Milwaukee Bucks: 4 Keys To Winning Game 5 Against Toronto Raptors
The Milwaukee Bucks have traded wins with the Toronto Raptors through four games. What are the keys to securing a win in Game 5?
The NBA playoffs are exhilarating, confusing and unpredictable. As soon as we learn something it is snatched away and solid truths are eroded by the outcome of games. The Milwaukee Bucks have been no exception in their Round 1 series against the Toronto Raptors.
After destroying Toronto in Game 3, the Milwaukee Bucks seemed poised to explode into the second round and begin their bright future of Eastern Conference dominance. They were unstoppable on both ends of the court last Thursday, winning 104-77.
Then Game 4 came around and Milwaukee’s unbreakable defense showed a number of cracks, cracks through which Toronto’s guards dribbled through to score in the paint. On offense the Bucks couldn’t hold onto the ball, committing 21 turnovers.
Suddenly, the left-for-dead Raptors had seized both the 87-76 victory and home-court advantage in the series once more.
With Game 5 looming on Monday, the Milwaukee Bucks will have to fight to validate both their dominant Game 3 win and their bright future. This is a young team and young teams are characterized by both potential and inconsistency.
Head coach Jason Kidd needs to get his team locked in to push the Raptors to the brink.
There are a variety of areas he can address to do so, as the Bucks struggled on both offense and defense Saturday. There are five keys to regaining their winning ways and taking Game 5 on Monday night.
Turnovers are deadly to putting together a quality offense. Ending a possession with a bad shot is not the most desired outcome, but it comes with a chance – however small – of putting points on the board.
It also puts the ball somewhere around the basket, where your team has a chance to grab an offensive rebound. At the worst it gives the offense time to get back in transition to close off most fast-break opportunities, limiting the offensive ceiling of the opponent.
Turnovers provide the offense a zero percent chance of scoring points, and live-ball turnovers often result in high-percentage offense for the opposing team in the form of fast-break scoring.
Instead of placing the ball near the hoop, 94 feet from the other basket, turnovers can often put the ball in the opponent’s hands with just open court ahead of them.
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In Game 4 the Milwaukee Bucks turned the ball over 21 times, after doing so just 26 times total in the first three games of the series. On a night where the Bucks were shooting poorly (37 percent overall, 23.8 percent from beyond the arc) they needed as many shots as they could get, and the turnovers were a shot in the foot.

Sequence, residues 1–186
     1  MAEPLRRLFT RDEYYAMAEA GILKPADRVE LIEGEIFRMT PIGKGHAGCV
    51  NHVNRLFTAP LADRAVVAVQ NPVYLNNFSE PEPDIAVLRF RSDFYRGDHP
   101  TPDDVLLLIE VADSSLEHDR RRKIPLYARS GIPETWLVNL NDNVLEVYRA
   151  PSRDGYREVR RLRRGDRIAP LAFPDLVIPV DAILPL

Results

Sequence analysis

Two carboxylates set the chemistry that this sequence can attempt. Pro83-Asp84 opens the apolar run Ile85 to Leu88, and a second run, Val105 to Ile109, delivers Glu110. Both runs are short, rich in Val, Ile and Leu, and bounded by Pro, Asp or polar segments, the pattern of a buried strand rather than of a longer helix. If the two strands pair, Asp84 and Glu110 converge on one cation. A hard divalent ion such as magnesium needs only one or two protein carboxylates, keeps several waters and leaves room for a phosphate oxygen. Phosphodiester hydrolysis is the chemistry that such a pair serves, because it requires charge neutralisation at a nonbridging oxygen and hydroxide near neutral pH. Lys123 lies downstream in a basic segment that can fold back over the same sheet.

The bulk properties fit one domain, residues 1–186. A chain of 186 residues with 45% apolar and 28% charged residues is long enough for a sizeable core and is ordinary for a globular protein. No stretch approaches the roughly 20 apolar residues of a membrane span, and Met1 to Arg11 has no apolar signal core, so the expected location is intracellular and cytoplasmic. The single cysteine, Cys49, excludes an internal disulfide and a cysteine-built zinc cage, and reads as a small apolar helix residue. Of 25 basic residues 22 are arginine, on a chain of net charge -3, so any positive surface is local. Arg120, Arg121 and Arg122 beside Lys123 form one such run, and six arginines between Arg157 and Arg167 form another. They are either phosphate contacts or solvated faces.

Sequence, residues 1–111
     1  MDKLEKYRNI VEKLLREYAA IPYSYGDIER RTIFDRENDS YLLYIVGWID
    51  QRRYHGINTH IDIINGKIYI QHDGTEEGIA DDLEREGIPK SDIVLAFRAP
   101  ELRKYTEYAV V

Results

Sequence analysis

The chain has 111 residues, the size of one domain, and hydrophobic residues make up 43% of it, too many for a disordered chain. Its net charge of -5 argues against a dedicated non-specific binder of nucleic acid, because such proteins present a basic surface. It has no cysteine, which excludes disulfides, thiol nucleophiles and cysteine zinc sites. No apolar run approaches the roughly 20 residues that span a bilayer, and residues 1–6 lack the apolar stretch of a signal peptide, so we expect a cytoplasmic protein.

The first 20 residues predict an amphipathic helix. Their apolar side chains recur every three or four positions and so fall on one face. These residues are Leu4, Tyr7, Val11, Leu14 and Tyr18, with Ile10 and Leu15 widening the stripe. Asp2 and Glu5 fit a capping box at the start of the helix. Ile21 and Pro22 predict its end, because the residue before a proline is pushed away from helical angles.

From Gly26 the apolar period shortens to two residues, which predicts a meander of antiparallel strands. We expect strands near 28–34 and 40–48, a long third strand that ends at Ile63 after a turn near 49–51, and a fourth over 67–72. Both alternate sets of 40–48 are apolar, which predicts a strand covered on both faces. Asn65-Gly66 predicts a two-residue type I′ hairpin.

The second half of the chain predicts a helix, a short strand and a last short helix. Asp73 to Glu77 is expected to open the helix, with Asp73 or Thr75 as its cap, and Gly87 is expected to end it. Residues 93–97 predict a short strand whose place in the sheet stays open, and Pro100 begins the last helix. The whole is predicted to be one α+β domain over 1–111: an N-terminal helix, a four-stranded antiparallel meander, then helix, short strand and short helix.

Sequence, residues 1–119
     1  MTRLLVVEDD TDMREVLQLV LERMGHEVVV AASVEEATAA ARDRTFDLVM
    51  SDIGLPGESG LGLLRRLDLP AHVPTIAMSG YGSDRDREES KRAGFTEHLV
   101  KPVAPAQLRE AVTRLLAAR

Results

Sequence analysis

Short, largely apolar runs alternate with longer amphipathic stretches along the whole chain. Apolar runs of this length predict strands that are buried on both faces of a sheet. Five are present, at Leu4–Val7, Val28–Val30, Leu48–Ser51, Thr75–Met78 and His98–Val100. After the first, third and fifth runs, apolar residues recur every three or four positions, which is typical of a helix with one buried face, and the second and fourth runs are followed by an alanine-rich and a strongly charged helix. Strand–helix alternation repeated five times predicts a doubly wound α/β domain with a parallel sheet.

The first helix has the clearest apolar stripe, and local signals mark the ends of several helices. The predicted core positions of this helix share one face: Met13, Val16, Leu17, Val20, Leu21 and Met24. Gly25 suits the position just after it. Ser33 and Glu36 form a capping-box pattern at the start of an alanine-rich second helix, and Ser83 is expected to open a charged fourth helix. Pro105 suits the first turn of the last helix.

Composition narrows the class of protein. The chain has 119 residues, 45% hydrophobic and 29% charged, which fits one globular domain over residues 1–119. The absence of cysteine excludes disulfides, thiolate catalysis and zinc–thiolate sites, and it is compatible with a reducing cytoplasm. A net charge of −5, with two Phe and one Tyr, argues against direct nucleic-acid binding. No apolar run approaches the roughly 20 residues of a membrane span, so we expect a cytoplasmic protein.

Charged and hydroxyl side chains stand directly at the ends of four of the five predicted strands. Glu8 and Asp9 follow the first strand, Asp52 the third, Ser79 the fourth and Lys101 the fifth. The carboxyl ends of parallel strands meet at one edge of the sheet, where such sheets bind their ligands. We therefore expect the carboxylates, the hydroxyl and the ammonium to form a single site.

Giannis Antetokounmpo was the chief offender, gift wrapping the ball for the other team seven times. It was part of his worst game of the series, as the team’s leading scorer mustered only 14 points on 6-of-19 shooting, his lowest total in the four games.
While Kidd could make a schematic change to try and limit turnovers, more likely the Bucks need to execute better. Smarter passes, quicker movements on offense to keep the Raptors on their heels, and more possessions ending in a shot. Limiting the turnovers will be a large step towards a Game 5 victory.
Playing With Energy
Game 4 was played at a near glacial pace, with both teams combining poor shooting with few possessions to score just a combined 163 points. Toronto’s 87 points were by far the lowest total for a winning team this postseason and Milwaukee’s 76 were the fewest by a losing team.
The Toronto Raptors want to keep the pace slow, as their offensive sets by design take 15-20 seconds off the clock before a shot is taken. They are built to probe a defense multiple times before attacking a crease, not to race out in transition in search of quick points.
That’s where Milwaukee thrives, aggressively attacking the ball on defense to generate transition opportunities. Except on Saturday that energy was missing, and the Bucks instead were content to walk the ball up to begin the offense.
Milwaukee had just 13 fast break points, but even more so were sluggish in initiating offense.
That plays into the hands of the Raptors, the older team wishing to slow things down. The Bucks have the youth advantage, and one key way to play that up is attacking with energy on offense.
Whether the Bucks were tired from the quick turnaround — game Thursday night, then again Saturday afternoon — or another cause is unknown, but has to be corrected.
Limiting turnovers will also help the offensive speed; once a team begins turning the ball over it naturally becomes hesitant, not wishing to continue the trend. But Saturday the Bucks were both timid and sloppy, a dangerous combination.